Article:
And this, just after the dust bowl, when all the land blew away in the United States. Before Franklin Delano Roosevelt restored the land. I used to have to wear a gas mask to school. Very often, you'd open the door and three inches of dirt would come in. The sun was like this little glowing thing. I used to say that the first light that I saw was in a movie theater. I mean, it's an exaggeration, but... in a sense, it was true. I wanted to know who these people were on that movie screen. [laughs] And how I could get there! That was about it for me.
There's a Rocky Mountain watercolorist, and I started taking lessons with him when I was a kid, from the time when I was seven til I was nine. I was doing these watercolors. When my father came back from the war, we moved to Kansas City, Missouri, and I continued at the Nelson Atkins Museum. I would go there on weekends and do art there. Then, when I was 13, we moved to San Diego, California. That's when I started acting at the Old Globe Theater. That was my first experience, when I was 13 years old til I was 18. And I went under contract with Warner Bros when I was 18 years old and did Rebel Without a Cause. At 19, I did Giant.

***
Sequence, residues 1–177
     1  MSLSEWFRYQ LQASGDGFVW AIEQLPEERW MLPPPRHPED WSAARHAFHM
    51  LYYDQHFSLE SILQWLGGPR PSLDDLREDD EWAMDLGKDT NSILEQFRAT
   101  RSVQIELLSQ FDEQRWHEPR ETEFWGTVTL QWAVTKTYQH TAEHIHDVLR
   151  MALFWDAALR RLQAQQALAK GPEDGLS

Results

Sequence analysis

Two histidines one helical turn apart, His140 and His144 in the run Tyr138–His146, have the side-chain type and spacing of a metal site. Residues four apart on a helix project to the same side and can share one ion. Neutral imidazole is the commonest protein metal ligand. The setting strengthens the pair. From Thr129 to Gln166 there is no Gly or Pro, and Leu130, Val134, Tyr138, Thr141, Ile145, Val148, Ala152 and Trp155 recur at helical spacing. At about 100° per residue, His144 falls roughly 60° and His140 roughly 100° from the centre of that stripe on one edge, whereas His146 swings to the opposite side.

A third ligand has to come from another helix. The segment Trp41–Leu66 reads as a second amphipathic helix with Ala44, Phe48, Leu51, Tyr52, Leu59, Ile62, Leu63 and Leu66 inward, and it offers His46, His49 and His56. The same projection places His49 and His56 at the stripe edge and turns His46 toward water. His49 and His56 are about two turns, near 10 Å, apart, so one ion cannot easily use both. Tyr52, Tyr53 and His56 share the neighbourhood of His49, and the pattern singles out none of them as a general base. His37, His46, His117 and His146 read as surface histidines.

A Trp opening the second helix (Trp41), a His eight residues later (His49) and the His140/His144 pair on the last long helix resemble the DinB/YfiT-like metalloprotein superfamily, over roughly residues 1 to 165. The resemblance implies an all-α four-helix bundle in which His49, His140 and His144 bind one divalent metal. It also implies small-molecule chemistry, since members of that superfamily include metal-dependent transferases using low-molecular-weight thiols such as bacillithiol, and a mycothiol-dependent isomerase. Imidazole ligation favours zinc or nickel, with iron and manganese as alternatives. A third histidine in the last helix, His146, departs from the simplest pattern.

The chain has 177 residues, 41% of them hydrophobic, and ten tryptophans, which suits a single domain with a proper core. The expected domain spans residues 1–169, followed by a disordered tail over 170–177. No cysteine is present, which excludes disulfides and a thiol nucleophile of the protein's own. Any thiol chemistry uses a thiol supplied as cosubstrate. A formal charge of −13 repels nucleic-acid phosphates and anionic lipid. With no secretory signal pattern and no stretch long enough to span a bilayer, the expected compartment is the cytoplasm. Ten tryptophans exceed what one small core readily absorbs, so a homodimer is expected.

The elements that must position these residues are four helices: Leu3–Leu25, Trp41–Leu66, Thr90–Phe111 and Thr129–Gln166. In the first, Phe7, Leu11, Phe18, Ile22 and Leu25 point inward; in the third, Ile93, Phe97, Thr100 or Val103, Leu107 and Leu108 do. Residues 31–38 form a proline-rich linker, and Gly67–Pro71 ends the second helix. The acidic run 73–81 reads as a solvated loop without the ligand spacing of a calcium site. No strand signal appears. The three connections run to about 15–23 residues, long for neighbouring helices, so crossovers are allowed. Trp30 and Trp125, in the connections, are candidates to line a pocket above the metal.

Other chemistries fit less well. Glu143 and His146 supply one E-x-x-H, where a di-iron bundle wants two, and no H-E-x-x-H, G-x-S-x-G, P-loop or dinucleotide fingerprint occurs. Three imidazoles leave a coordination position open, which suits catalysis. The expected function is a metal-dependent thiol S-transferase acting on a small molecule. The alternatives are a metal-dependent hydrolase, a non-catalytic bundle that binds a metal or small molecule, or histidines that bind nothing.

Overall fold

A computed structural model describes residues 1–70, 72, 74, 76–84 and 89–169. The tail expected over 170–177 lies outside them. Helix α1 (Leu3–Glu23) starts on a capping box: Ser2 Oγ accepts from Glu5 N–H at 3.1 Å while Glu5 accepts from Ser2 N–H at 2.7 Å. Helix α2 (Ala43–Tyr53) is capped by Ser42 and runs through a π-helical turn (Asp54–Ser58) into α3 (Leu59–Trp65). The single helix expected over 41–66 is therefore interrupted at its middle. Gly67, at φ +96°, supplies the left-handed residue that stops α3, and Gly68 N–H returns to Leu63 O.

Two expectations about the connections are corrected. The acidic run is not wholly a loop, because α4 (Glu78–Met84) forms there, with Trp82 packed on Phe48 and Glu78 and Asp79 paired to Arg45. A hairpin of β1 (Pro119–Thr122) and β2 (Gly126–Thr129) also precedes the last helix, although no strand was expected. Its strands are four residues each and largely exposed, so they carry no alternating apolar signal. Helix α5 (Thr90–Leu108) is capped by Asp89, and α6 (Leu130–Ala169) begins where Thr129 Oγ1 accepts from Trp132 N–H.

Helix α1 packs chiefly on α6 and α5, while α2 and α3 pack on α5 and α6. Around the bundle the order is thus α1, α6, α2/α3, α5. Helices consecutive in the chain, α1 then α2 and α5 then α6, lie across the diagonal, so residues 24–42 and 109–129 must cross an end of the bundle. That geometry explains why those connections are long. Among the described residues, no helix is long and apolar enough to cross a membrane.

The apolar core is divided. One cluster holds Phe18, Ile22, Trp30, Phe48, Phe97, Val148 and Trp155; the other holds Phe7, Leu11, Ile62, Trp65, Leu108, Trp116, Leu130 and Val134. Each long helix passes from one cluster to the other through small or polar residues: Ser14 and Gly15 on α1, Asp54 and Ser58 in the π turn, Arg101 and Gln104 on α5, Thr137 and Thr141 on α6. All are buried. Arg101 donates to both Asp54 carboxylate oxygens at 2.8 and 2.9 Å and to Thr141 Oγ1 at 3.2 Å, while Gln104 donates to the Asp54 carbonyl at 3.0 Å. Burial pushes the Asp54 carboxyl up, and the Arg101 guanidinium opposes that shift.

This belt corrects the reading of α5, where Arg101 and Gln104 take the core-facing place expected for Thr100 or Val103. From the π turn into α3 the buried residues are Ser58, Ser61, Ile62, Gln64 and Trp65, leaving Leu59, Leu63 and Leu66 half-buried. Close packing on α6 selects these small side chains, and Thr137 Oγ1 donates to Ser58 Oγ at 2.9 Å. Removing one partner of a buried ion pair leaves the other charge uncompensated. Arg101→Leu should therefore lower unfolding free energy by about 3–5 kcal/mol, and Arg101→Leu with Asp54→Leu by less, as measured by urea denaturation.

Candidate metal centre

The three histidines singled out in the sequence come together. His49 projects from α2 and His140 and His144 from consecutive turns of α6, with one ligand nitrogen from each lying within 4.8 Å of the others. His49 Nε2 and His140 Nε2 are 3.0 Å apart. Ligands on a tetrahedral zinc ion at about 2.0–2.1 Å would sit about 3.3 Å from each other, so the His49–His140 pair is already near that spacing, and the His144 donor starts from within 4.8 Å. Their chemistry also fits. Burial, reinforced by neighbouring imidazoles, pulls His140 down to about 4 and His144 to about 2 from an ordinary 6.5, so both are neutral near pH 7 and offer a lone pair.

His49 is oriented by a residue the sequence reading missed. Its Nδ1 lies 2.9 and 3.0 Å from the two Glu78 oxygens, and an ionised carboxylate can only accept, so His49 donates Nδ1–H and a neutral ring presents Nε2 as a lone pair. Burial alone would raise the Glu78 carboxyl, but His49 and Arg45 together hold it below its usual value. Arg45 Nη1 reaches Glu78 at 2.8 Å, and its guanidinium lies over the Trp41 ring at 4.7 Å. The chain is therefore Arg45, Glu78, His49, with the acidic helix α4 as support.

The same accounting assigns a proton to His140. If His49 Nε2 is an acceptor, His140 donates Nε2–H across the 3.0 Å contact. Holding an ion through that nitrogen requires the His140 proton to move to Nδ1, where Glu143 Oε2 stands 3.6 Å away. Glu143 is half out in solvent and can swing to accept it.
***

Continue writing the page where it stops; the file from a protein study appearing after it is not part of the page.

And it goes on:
About this turmoil. At one point, you locked yourself up in New Mexico and took a lot of drugs and just started doing art. Now, obviously, you have a different approach. But how does it differ?
I've been sober so long, I don't know anymore... [laughs]
I haven't had a drink in 18 years. No alcohol and no hard narcotics for 18 years. You know... I don't want to promote drugs. I'm not here to promote drugs. But there's a moment when drinking frees you. Liberates you. There's a moment when cocaine can liberate you.
But then, if you're an obsessive person, which I was, these things can start working against you, and I became and alcoholic and a drug addict. At that point, you're not doing anything creative. You're just trying to get more drugs and alcohol. That's a very unproductive thing. So, they may work for a moment. They may open the doors of perception, as Aldous Huxley says. They'll open the door, but they'll slam the door on you, too, if you continue. It's one thing to open the door. It's another to keep it open. And to keep it open, I think you have to have a sober life.